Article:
HIV has killed 32 million people since it first spread in the 80s, according to the World Health Organization (WHO). Up until now, there has been no cure for HIV. Very effective drug treatments have enabled most people with the virus to live a long and healthy life, however. Now the fortunes of millions of people across the world could be set to dramatically change.
A Brazilian man in his mid-30s with HIV has gone into long-term remission after treatment with drugs alone.
It is thought to be the first case of a HIV patient going into remission following pharmaceutical treatment.
Doctors report that the patient was prescribed an intense multi-drug cocktail of AIDS medicines, including antiretroviral therapy, or ART.
It was also supplemented with additional antiretrovirals, plus a drug called nicotinamide, a form of vitamin B3.
“This case is extremely interesting, and I really hope that it may boost further research into an HIV cure,” Andrea Savarino, a doctor at Italy’s Institute of Health who co-led the trial, said in an interview with the UK charity NAM AIDSmap.
There are some limitations to the study worth highlighting, however.
The researchers note that four other HIV-positive patients treated in the trial with the same intensified drug cocktail saw no positive effect.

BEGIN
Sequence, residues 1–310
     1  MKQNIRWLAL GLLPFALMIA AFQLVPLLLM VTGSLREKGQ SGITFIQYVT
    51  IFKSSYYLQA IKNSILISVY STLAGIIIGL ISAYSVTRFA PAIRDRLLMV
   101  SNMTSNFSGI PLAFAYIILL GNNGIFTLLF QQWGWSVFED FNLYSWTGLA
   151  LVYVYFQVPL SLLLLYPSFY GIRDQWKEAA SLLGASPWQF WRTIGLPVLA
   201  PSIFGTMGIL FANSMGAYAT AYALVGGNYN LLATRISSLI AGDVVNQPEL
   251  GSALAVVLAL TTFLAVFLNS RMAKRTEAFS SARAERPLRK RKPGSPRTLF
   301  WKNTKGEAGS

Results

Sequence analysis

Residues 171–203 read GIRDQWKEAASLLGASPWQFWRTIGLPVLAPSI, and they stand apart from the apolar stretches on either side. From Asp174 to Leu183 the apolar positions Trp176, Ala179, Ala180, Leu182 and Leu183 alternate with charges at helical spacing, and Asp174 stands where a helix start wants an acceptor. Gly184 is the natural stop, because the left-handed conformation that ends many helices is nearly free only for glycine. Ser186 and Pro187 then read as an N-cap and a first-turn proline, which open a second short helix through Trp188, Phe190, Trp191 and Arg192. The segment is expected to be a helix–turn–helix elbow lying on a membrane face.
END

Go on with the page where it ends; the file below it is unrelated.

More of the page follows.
“The result is highly likely not to be reproducible,’ said Dr Savarino.
She added: “This is a very first (preliminary) experiment, and I wouldn’t foresee beyond that.”
What are the symptoms associated with HIV?
According to the NHS, most people infected with HIV experience a short, flu-like illness that occurs two-six weeks after infection.
“After this, HIV may not cause any symptoms for several years,” says the health body.
It’s estimated up to 80 percent of people who are infected with HIV experience this flu-like illness.
The most common symptoms are:
- Raised temperature (fever)
- Sore throat
- Body rash
Other symptoms can include:
- Joint pain
- Muscle pain
- Swollen glands
“The symptoms usually last one to two weeks, but can be longer. They’re a sign that your immune system is putting up a fight against the virus,” says the NHS.
Having these symptoms doesn’t necessarily mean you have the HIV virus because they are also associated with less serious conditions.
But you have several of these symptoms and think you’ve been at risk of HIV infection within the past few weeks, you should get an HIV test, advises the NHS.